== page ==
At the beginning of the 18th century, the Turks under Sultan Ahmet III were still trying to extend their empire westwards, although back in the mid-1680s they had failed to take Vienna in a famous siege. War was declared against Austria again in 1715, and in the following years Prince Eugene of Savoy fought a number of successful battles against them. Peace was signed in 1718 with the Treaty of Passarowitch, and Hungary was thereby liberated from Turkish rule. The Turks, although no longer led into battle by the Sultan in person, had stuck to their once formidable traditional methods of warfare. These became progressively less effective against forces led by modern generals such as Prince Eugene.
Comparative works by Jan Peter van Bredael such as the Battle of Petervardino and the Battle of belgrado can be found in the Kunsthisthorisches Museum of Vienna.

Historical context note

In Italy the classical tradition of battles scenes goes back to the Roman low-reliefs and mosaics such as the Victory of Alexander the Great on Darius in Pompeii, and persisted in medieval miniatures, in the 14th and 15th centuries' frescoes and in decorations on the Renaissance cassoni (i.e. wedding chests) up to such works as Pietro da Cortona's Victory of Alexander over Darius, 1635, Museo Capitolino, Rome, and Salvator Rosa's Battle Scene, 1652, Louvre, Paris). In the 17th century however, Aniello Falcone, perhaps the first Italian battle specialist, introduced a new category of small battle, the battle scene 'without a hero' (F. Saxl) and usually without a specific topic beyond a generalized study of cavalry skirmishes between generic Christians and exotically clad Saracens or Turks. This speciality was developed by Neapolitan artists such as Carlo Coppola, Andrea di Lione and Salvator Rosa and in Florence by Giacomo Cortese. In the Netherlands, following the recent episodes of war that marked the progressive independence of the Low Countries (Eighty Years' War 1568-1648), Philips Wouwerman (1619-1668) painted generic skirmishes and ambushes (using northern settings, clothing and weapons) and he concentrated on genre scenes of crowded camp life. Tapestries also allowed this genre to develop and were now used as official military art and formed high-class mass production. In Rome, the Bamboccianti, i.e. Netehrlandish followers of Pieter van Laer nicknamed Bamboccio, were particularly interested in this genre.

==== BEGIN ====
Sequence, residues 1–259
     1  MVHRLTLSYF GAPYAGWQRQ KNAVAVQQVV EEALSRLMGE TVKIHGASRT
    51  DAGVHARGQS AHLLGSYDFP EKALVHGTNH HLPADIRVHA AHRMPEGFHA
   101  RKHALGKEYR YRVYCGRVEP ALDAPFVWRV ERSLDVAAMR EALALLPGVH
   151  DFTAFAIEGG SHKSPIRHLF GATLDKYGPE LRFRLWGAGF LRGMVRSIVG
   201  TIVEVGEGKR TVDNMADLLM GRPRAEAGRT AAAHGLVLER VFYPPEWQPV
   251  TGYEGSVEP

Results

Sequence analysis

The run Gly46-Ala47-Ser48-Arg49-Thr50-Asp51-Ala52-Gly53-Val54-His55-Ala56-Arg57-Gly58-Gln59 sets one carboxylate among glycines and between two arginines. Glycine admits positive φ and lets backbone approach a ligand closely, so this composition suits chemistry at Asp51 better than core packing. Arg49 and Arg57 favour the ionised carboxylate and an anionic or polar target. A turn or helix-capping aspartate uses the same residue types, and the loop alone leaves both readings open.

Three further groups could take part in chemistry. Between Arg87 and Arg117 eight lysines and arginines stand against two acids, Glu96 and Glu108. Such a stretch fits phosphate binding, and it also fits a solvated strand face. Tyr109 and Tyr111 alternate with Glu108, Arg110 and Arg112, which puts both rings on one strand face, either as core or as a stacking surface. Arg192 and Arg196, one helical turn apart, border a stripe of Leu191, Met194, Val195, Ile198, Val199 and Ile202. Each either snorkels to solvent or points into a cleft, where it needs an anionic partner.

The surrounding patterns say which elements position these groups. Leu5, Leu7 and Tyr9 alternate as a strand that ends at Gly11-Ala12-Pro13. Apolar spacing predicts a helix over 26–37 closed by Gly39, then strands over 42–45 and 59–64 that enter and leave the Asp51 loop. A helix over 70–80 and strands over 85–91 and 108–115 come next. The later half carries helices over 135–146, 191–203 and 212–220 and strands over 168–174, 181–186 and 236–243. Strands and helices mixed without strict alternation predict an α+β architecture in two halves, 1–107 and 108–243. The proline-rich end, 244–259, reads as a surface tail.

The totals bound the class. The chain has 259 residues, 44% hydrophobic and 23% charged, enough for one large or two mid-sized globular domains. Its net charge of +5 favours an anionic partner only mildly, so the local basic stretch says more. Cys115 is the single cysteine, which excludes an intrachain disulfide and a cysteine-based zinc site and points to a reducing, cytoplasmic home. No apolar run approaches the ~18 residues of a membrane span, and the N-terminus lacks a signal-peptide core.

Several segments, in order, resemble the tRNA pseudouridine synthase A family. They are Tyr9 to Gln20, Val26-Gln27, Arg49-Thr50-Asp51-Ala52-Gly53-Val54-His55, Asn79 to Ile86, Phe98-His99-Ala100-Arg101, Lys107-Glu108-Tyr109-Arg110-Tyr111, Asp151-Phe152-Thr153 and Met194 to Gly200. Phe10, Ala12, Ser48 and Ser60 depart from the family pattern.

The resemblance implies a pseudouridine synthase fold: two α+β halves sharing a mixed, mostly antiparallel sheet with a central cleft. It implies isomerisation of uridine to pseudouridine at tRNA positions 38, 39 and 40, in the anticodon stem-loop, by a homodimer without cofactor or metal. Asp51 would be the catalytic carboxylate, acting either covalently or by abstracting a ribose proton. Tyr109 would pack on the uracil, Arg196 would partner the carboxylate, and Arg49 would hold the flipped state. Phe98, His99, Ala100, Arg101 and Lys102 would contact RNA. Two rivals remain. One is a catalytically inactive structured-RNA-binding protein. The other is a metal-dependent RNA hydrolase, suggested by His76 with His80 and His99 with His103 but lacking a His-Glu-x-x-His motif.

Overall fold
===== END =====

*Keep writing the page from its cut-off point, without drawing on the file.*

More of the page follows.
Descriptive line

Oil painting, Cavalry Engagement against Turks, with a distant view of a town, by Jan Pieter van Bredael, Prague, ca. 1715

Bibliographic References (Citation, Note/Abstract, NAL no)

Kauffmann, C.M. Catalogue of Foreign Paintings, I. Before 1800. London: Victoria and Albert Museum, 1973, p. 46-47, cat. no. 47

Labels and date

British Galleries:
TWO VIEWS OF CAVALRY ENGAGEMENTS AGAINST THE TURKS

Paintings of battle scenes had been popular since ancient times. This pair record events during the wars between the Turks and the Austrians in the first two decades of the 18th century. [27/03/2003]

Materials

Oil paint; Oak

Techniques

Oil painting

Subjects depicted

Soldiers; Warfare; Turks; Battle

Categories

Paintings

Collection

Prints, Drawings & Paintings Collection